Conclusions

The review by Krogsbøll et al. analyses old data and health check programmes which did not have in place the therapy options, lifestyle advice or onward care pathways which the NHS Health Checks utilise. However, the obstacles that have been put in place of the NHS Health Checks programme both in terms of design and current execution means that significant challenges lie ahead of it. Is it the case that this population-based prevention strategy, with £600 million of spending already behind it and considered to be cost effective(12), is not being given the chance to succeed?

 

References

1.      MacAuley D. The value of conducting periodic health checks. BMJ 2012;345:e777

2.     Krogsbøll LT, Jørgensen KJ, Grønhøj Larsen C, Gøtzsche PC. General health checks in adults for reducing morbidity and mortality from disease: Cochrane systematic review and meta-analysis. BMJ2012;345:e7191

3.     Department of Health. Putting Prevention First, Vascular Checks: Risk Assessment and Management. London: Department of Health 2009.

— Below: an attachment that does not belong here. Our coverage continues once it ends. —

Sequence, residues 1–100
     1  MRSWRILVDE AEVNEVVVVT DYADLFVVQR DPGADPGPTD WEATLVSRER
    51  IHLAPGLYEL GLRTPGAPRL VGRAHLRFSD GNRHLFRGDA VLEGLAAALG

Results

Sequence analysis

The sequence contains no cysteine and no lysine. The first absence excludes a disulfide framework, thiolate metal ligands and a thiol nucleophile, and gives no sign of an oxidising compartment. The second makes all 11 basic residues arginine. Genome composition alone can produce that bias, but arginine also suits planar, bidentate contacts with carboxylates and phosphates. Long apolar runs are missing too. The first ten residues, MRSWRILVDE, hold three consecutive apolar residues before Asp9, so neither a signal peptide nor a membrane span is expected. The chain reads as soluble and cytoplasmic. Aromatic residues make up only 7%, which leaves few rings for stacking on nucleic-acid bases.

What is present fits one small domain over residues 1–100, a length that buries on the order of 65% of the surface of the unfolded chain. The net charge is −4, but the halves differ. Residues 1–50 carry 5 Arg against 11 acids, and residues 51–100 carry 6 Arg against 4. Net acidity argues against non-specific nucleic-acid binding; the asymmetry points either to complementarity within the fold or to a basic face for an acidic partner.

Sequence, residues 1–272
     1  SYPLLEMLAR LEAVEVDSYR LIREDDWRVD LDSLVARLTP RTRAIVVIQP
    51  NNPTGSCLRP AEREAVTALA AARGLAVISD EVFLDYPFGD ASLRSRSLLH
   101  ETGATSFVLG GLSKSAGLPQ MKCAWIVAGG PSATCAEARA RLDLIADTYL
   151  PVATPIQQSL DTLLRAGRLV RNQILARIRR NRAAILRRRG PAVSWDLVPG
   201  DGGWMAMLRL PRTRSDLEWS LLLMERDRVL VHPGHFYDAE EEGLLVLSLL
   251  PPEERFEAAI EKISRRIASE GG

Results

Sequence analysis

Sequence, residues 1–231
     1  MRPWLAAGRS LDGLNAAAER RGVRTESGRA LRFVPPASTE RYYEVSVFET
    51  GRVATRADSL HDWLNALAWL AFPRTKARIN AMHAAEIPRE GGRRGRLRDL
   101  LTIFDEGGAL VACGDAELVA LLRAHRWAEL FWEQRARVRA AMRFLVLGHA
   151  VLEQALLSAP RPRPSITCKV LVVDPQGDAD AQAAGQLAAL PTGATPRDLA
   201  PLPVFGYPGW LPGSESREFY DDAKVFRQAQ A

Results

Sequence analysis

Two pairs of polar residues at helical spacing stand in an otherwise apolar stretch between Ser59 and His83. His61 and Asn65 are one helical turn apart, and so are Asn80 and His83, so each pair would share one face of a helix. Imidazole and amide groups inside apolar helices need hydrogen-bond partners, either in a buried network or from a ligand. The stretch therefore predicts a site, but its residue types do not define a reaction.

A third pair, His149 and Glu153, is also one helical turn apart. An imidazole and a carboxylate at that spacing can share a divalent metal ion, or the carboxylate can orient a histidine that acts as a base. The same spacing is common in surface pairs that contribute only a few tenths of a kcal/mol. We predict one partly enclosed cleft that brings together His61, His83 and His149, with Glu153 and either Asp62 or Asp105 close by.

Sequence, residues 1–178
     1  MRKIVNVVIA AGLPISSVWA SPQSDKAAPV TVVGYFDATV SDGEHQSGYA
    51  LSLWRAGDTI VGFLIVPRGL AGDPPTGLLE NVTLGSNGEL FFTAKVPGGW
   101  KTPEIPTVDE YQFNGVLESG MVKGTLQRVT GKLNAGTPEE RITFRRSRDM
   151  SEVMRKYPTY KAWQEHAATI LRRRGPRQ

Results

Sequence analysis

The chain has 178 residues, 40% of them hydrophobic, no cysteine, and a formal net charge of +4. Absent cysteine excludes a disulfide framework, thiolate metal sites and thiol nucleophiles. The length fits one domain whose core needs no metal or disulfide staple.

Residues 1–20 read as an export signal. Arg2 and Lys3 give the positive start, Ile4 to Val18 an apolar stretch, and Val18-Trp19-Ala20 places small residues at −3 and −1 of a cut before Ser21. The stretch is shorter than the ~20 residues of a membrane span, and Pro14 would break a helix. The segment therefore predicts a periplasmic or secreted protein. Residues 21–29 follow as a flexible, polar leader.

4.     Department of Health. National Service Framework for Coronary Heart Disease. London: Department of Health; 2000.

5.     Department of Health. Putting Prevention First: ‘Next Steps’ Guidance for Primary Care Trusts. London: Department of Health; 2008.

6.     National Institute for Health and Clinical Excellence. Statins for the prevention of cardiovascular events. London: NICE; 2008.

7.     Waugh N, Scotland G, McNamee P, Gillett M, Brennan A, Goyder E, Williams R, John A. Screening for type 2 diabetes: literature review and economic modelling. Health Technol Assess 2007; May;11(17):iii,iv, ix-xi, 1-125

8.     The NHS Health Check Programme: Let's Get It Right. Available at: http://www.diabetes.org.uk/Documents/Reports/nhs-health-check-lets-get-it-right-0912.pdf. Accessed Nov/25, 2012.

9.     Department of Health. Healthy Lives Healthy People. London: Department of Health; 2010.

10.   Sexual healthcare 'at risk from NHS changes'. Available at: http://www.bbc.co.uk/news/health-19991579. Accessed Nov/25, 2012.

11.   NHS Health Check - Changes to content 2013-14. Available at: http://www.nhshealthcheck.nhs.uk/default.aspx?aID=31. Accessed Nov/25, 2012.

12.   Department of Health. Economic Modelling for Vascular Checks: Department of Health; 2008.

Competing interests: No competing interests

26 November 2012
Mihir M Sanghvi
Medical Student
Barts and The London School of Medicine and Dentistry
29a Saffron Hill, London